* Typically seeking an administrative remedy or reconsideration of a final administrative determination does not toll the running of a controlling statute of limitations set by law.

Click HERE to access the Commissioner's decision in this appeal.

August 30, 2021

Audits and reports issued during the week ending August 28, 2021 by the New York State Comptroller

New York State Comptroller Thomas P. DiNapoli announced the following audits and reports were issued during the week ending August 28, 2021

Click on the text highlighted in colorto access the complete audit report.

State Departments and Agencies

Department of Agriculture and Markets: Oversight of Industrial Hemp (Follow-Up) (2021-F-9)

A report covering the period April 1, 2016, through May 31, 2019, found that while the department’s industrial hemp program had expanded opportunities for hemp production in the state, it did not always follow established practices when reviewing applications, conducting inspections and sampling plants. In a follow-up, auditors found department officials made progress in addressing the problems identified in the initial audit. Of the initial report’s three audit recommendations, one has been fully implemented and two have been partially implemented.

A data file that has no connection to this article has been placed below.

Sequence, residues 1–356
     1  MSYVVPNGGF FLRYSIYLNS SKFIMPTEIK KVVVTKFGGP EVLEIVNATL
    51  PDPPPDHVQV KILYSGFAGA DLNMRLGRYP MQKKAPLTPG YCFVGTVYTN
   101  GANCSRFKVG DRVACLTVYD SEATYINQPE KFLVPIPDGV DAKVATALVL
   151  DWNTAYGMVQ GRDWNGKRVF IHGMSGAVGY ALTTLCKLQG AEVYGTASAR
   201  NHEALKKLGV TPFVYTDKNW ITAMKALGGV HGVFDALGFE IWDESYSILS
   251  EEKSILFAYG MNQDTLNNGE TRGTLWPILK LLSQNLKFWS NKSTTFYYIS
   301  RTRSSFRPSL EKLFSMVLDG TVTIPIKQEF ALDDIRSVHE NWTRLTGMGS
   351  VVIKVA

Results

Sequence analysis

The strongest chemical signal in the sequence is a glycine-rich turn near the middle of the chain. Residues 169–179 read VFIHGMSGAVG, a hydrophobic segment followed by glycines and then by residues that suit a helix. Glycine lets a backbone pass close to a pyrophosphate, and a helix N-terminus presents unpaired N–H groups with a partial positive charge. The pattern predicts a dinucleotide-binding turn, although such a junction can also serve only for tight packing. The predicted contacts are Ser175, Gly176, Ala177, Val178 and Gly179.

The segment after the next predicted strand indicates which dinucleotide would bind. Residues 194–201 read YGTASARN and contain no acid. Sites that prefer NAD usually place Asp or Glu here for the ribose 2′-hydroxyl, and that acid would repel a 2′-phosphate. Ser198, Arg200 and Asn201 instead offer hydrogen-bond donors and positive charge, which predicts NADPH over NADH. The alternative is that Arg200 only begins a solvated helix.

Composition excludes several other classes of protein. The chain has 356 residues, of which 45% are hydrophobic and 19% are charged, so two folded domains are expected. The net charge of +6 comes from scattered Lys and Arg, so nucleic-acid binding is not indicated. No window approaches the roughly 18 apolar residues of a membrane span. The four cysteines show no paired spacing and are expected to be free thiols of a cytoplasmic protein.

Office of Mental Health (OMH): Oversight of Telemental Health Services (TMH) (2020-S-16)

As of December 23, 2020, there were 448 OMH-licensed, -designated, and/or -funded mental health care providers operating 1,677 programs eligible to offer TMH; however, 307 of those 448 providers operating 1,050 programs were not approved to use TMH beyond the declared COVID-19 disaster emergency. As a result, some patients may no longer be able to access TMH services once the disaster emergency period ends.


Metropolitan Transportation Authority - Metro-North Railroad: Response Planning for Unexpected Events (2019-S-55)